The Stanton Foundation was created by Frank Stanton, who is widely regarded as one of the greatest executives in the history of electronic communications and one of the television industry’s founding fathers.
He was the master builder of CBS, turning an also-ran radio network into a broadcasting powerhouse. Stanton became president in 1946 and served for 25 years. He was a pioneering advertising researcher, inventing the first radio advertising audience counting device a precursor of today’s “people meter” to give CBS an early competitive edge with sponsors.
The Great Debates
In 1960, Stanton initiated the first televised presidential debates — the famous Nixon-Kennedy “Great Debates,” which required a special Act of Congress to proceed. These initial debates are widely credited with giving John Kennedy his margin of victory, and have become a staple of American presidential campaigns.
Following his retirement from CBS, Stanton served as chairman of the American Red Cross, chairman of the Harvard Kennedy School’s Visiting Committee, trustee of the Center for Advanced Study in the Behavioral Sciences in Stanford, California, trustee of the Museum of Broadcasting, and chairman of the RAND Corporation. He died in December 2006 at the age of 98.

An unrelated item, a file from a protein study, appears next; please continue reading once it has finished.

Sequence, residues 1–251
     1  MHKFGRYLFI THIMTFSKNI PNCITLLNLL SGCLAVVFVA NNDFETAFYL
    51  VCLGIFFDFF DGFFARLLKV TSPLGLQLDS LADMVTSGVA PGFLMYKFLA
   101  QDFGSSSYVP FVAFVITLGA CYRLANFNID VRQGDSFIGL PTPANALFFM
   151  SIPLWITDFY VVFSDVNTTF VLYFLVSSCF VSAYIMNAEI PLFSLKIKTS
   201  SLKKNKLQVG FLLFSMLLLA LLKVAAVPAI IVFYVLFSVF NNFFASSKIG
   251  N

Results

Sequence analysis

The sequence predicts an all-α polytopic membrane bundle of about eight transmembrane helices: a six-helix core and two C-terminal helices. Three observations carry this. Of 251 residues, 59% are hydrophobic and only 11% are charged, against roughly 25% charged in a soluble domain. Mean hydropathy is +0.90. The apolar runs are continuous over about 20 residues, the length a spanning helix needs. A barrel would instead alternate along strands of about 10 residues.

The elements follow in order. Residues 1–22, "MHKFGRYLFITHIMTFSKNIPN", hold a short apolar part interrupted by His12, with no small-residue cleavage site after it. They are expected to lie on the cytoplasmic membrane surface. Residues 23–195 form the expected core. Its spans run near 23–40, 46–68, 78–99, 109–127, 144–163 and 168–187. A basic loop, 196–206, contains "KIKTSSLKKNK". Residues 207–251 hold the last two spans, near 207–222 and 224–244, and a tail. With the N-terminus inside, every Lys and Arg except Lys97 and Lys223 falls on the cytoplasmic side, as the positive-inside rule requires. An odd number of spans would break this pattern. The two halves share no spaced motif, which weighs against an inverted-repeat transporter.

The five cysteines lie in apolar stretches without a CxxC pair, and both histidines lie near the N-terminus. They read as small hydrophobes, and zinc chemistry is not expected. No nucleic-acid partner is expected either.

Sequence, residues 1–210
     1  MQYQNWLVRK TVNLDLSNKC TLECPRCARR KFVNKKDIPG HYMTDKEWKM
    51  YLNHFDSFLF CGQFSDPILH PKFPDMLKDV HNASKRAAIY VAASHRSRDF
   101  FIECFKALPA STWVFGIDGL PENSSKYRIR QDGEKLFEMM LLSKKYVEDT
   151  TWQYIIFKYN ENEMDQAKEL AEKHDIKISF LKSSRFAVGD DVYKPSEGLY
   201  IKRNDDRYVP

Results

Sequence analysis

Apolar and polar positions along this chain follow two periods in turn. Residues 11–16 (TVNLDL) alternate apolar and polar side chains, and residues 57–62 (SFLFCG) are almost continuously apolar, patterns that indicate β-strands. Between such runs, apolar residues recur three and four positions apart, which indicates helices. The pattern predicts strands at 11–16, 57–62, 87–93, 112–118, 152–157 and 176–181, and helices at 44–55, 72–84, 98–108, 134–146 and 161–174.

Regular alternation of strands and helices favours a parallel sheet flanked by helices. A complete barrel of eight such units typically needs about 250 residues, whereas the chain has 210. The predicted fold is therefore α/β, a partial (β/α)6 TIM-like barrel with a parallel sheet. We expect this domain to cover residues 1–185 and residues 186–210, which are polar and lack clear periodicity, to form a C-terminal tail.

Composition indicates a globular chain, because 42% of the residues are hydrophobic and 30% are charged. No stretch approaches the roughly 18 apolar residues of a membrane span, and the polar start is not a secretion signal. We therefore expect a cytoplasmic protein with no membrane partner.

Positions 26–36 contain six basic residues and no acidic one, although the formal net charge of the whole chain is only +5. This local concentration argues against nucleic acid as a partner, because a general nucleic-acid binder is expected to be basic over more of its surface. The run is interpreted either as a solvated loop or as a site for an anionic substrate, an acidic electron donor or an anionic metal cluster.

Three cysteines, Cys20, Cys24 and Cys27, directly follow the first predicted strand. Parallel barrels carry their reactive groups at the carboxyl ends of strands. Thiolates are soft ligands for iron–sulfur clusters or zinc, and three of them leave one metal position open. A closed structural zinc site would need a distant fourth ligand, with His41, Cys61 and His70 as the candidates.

He was a lifelong dog owner and admirer, from the collie who accompanied him on his first paper route to the Pembroke Welsh Corgis who added warmth and companionship to his last years. In 2002 he provided the lead gift for the Clinical Care Center at Angell-MSPCA in Boston. He is survived by his Corgi, Annie, who is cared for by the Foundation.